SCHOOL pupils and college students may have been “guinea pigs” in a police project in which officers “promoted the apparent need for stop-and-search”, it has been claimed.
Lib Dem justice spokeswoman Alison McInnes raised concerns after officers from Police Scotland spoke to almost 900 children and young people on visits to secondary schools in Fife, colleges in the area and St Andrews University.
This was about normalising stop and searchAlison McInnes MSP
The visits were part of a pilot project aimed at improving public confidence in the use of stop-and-search by officers.
A report by academics at Dundee and Edinburgh Napier universities has already suggested police used the visits as opportunities to promote the controversial practice, saying one purpose seemed to be “promoting stop-and-search itself”.
Police officers visited 19 high schools, three colleges and St Andrews University, speaking to a total of 879 pupils and students on 54 visits, according to papers released to the Liberal Democrats under freedom of information laws.
These said the “aim of the engagement is to speak with young persons who have been the subject of stop-and-searches and obtain feedback from them” about the practice, adding that “if no persons make themselves known as stop-and-search subjects, engagement should be done and opinions/views on stop-and-search should be obtained”.
Officers were told there “is no specific script for this engagement”, allowing them to be “natural and positively engage with the young people within these educational institutions”.
But Ms McInnes claimed there was “little record” of what took place during the visits, questioning if officers told youngsters about their right to decline “so-called consensual searches”.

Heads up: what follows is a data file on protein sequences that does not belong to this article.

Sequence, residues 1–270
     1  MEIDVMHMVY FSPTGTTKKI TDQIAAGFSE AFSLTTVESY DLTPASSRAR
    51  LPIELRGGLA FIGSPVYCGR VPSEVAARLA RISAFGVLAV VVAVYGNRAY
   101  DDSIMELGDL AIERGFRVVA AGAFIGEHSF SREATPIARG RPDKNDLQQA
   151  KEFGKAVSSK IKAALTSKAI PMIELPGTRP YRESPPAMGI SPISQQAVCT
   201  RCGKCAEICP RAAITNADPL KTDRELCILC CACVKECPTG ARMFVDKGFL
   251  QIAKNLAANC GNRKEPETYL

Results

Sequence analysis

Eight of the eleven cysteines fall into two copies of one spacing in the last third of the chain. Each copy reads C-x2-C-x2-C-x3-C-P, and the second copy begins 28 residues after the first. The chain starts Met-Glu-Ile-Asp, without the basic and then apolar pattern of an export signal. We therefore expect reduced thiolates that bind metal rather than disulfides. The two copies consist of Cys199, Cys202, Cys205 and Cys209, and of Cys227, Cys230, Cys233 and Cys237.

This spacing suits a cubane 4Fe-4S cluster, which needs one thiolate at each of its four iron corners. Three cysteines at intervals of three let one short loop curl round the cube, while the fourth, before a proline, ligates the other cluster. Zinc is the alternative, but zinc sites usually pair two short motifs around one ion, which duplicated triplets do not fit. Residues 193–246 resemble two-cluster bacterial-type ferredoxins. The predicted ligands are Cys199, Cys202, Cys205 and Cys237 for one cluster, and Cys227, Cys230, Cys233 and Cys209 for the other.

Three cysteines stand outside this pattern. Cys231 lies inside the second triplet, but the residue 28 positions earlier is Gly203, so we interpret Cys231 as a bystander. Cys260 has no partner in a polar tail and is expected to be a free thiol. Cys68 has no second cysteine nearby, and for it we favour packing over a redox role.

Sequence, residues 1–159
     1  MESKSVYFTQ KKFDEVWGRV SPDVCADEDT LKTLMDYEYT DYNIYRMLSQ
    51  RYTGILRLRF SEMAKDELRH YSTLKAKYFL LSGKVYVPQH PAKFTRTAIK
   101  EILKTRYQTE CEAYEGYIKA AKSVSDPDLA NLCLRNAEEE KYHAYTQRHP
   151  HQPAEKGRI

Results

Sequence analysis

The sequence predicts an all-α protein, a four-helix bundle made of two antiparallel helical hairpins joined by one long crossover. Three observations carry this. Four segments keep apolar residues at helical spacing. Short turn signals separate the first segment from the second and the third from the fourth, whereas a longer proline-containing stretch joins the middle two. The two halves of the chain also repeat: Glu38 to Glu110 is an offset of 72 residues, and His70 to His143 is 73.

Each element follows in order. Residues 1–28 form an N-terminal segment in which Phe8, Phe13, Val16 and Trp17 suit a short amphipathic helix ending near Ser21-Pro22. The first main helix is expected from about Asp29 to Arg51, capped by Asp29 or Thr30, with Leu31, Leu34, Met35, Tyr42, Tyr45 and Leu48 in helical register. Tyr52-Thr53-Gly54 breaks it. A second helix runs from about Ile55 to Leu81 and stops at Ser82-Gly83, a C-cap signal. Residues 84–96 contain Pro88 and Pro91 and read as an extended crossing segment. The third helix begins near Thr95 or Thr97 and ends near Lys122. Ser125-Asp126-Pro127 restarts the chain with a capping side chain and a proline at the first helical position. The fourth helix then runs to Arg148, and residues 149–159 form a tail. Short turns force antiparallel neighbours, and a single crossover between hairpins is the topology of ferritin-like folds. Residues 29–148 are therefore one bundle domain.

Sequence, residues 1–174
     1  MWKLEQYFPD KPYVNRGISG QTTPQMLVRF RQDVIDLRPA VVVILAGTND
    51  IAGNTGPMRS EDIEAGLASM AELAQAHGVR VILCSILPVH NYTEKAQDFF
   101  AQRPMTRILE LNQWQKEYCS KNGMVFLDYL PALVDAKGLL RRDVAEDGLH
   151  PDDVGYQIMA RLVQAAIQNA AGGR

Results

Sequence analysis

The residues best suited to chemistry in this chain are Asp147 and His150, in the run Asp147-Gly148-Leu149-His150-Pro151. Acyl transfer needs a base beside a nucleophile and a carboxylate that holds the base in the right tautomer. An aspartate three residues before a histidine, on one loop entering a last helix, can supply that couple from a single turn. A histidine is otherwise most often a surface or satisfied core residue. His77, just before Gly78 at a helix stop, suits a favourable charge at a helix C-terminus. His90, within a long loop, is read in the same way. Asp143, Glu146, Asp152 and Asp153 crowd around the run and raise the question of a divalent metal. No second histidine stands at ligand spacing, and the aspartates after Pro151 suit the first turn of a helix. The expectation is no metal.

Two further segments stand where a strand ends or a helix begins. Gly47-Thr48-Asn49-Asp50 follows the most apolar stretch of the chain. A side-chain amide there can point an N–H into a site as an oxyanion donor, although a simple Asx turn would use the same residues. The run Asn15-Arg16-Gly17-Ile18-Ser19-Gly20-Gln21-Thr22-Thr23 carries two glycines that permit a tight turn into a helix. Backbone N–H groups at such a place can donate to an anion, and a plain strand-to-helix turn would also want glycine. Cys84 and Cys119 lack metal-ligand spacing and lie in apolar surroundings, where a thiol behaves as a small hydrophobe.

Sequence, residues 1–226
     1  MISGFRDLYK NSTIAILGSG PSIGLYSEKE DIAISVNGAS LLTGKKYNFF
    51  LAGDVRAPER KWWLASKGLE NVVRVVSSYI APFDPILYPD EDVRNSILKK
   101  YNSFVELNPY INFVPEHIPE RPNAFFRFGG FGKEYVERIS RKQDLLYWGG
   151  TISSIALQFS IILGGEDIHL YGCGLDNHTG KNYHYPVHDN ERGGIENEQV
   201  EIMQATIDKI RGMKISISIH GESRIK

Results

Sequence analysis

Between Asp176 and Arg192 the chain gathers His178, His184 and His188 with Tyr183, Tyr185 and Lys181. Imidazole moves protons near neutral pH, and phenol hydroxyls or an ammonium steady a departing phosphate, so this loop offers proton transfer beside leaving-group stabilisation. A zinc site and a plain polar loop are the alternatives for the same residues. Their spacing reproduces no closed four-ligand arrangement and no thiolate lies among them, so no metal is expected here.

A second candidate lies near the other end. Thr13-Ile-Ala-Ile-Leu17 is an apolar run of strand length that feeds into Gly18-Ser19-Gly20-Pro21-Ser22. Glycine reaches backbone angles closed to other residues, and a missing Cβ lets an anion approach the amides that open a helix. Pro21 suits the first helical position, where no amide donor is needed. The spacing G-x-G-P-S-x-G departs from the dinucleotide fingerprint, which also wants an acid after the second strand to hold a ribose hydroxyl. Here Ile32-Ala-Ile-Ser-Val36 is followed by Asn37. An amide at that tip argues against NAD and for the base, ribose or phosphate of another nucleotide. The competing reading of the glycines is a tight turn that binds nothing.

She said: “Far from building constructive relationships with young people, it seems that hundreds of young people in Fife risked becoming guinea pigs in an exercise aimed at normalising so-called consensual stop-and-search.
“Officers weren’t given a script by their bosses and there is little record of what happened at each of the 54 visits. There is no suggestion that police chiefs were interested in enlightening children about their rights during these sessions and the evidence indicates that the officers tasked with gathering feedback also promoted the apparent need for stop-and-search.
“Were children told of their right to decline so-called consensual searches? Did officers explain that the majority of searches conducted by the police aren’t based on any suspicion of wrongdoing?”
Chief Superintendent Angela McLaren said: “Fife Division embarked upon this pilot initiative to ensure the use of stop and search is transparent, meets the expectations of the public, captures good practice whilst informing policy and practice and crucially ensures the use of this tactic is lawful, ethical, proportionate and effective.
“All engagement sessions were recorded and the anecdotal evidence formed part of the Scottish Institute for Policing Research (SIPR) review of the project which went on to inform the recommendations. The SIPR study outlines a number of recommendations from the research, which are informing the development of future policy and practice around stop and search across Scotland.”